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It seems that in many situations where I might use the word "only" in English, either "nur" or "erst" is used in German. I have the rather fuzzy idea that "erst" is used for "only" in the sense of "something that only happened once" (e.g. "He only went there to see the museum") whereas "nur" would be used for a general rule (e.g. "She only likes working when it's raining"). Even if that's roughly right, is there more to it than that? How about something like "I only have two biscuits left?"

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4 Answers 4

up vote 13 down vote accepted

Erst is used to describe a temporal order, i.e. to denote that something happens first, and something else afterwards.

A second usage pattern of erst is indeed close to only, in cases where it is used to show that so far, something has happened not very often, but this is intended to be changed.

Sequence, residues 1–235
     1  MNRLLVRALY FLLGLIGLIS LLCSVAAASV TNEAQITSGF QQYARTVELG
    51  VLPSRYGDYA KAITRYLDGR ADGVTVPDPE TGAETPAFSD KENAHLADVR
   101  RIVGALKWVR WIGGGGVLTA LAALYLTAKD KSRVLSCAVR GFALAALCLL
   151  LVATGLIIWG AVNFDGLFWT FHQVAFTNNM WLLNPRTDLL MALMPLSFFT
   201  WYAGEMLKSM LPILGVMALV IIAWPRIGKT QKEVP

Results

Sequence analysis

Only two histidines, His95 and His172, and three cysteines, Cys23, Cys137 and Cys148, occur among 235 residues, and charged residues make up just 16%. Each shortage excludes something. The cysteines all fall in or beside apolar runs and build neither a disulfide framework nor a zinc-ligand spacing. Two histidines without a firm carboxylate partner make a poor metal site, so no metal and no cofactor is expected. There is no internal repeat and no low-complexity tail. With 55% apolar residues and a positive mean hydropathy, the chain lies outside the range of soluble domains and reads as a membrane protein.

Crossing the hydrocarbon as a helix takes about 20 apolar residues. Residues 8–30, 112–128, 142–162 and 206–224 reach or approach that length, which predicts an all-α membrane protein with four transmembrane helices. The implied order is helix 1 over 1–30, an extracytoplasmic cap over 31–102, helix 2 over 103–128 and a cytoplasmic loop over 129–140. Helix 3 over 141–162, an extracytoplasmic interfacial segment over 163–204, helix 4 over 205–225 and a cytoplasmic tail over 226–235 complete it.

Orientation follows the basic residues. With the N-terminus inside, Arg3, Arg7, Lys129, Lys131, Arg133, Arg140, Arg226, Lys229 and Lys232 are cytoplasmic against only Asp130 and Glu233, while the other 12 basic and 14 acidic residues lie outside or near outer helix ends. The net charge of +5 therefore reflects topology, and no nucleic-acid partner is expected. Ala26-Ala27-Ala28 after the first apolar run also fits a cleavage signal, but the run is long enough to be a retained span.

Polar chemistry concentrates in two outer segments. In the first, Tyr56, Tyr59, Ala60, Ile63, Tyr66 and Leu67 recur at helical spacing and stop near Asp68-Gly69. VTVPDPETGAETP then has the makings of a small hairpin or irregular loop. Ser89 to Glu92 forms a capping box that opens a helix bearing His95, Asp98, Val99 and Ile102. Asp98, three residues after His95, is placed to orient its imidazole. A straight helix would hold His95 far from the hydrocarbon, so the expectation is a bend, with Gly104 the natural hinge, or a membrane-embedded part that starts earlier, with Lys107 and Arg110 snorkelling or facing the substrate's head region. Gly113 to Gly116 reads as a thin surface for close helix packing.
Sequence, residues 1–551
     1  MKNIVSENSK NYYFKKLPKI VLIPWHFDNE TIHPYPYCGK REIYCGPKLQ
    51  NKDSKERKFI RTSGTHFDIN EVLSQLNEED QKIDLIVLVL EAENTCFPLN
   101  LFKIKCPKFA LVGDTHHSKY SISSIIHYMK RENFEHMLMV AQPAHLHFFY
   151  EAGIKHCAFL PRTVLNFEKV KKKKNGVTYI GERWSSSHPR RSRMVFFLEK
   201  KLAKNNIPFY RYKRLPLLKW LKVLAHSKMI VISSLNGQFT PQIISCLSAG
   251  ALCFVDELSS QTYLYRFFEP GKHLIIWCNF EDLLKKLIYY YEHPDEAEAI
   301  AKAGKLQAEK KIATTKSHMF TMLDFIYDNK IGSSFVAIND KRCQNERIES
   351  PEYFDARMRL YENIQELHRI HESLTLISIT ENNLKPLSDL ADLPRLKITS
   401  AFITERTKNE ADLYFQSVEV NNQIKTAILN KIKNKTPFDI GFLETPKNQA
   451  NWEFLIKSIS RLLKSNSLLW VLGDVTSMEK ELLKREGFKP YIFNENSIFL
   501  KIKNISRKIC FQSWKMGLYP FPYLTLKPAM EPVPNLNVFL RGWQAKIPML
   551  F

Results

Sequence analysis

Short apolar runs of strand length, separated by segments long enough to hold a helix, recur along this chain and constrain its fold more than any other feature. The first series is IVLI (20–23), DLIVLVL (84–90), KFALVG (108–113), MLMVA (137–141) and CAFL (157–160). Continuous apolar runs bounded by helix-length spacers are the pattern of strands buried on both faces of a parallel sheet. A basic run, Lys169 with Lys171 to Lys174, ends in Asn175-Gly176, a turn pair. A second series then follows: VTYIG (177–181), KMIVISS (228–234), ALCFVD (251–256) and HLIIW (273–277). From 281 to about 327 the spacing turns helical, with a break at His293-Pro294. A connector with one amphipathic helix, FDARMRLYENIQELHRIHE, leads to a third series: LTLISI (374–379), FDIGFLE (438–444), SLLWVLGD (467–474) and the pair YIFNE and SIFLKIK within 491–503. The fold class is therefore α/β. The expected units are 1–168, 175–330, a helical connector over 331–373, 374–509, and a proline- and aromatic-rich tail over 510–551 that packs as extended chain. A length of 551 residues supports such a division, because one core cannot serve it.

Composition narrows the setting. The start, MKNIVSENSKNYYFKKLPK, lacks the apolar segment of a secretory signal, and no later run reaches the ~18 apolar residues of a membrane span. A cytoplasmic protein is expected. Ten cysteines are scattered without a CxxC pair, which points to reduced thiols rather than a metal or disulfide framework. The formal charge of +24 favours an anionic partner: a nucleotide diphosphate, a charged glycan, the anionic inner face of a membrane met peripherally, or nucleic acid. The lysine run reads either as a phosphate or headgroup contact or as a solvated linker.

Your examples:

  • He only went there to see the museum. - Er fuhr nur hin, um das Museum zu sehen/besuchen. OR Er fuhr erst dann hin, als er das Museum besuchen konnte. (Here, we have introduced a temporal order: only when the museum was open and he was able to visit it, he went there.)
  • She only likes working when it's raining. - Sie mag ihre Arbeit nur, wenn es regnet. OR Sie mag ihre Arbeit erst dann, wenn es regnet. (Temporal order again: Only when it rains, she is able to enjoy her work.)
  • I only have two biscuits left. - Ich habe nur zwei Kekse übrig. (no temporal order possible here)
  • Er konnte Klavier spielen, als er erst sechs Jahre alt war. - This sentence sounds a bit unusual to me and I would have to stop and think about your usage of "erst", but in the end I think you would be understood. I would rephrase it though:
    • "Er konnte bereits mit sechs Jahren Klavier spielen." - not use "erst" or "nur" at all
    • "Er spielte mit nur sechs Jahren bereits Klavier."
    • "Er war erst sechs Jahre alt und konnte bereits Klavier spielen."

Some more examples:

  • Ich war erst einmal in Berlin. - So far, I have visited Berlin only once.
  • Erst war ich in Berlin, dann in Hamburg. - Temporal order: I visited Berlin first, then I went to Hamburg.
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Thanks for the explanation and examples. As a followup, could you confirm whether a sentence like "er konnte Klavier spielen, als er erst sechs Jahre alt war" also fits the temporal order usage pattern? I interpret it to mean "only, but also after" - so it's similar but the "erst" marks the start rather than the end of something in time. –  Mark Longair Jun 7 '11 at 10:00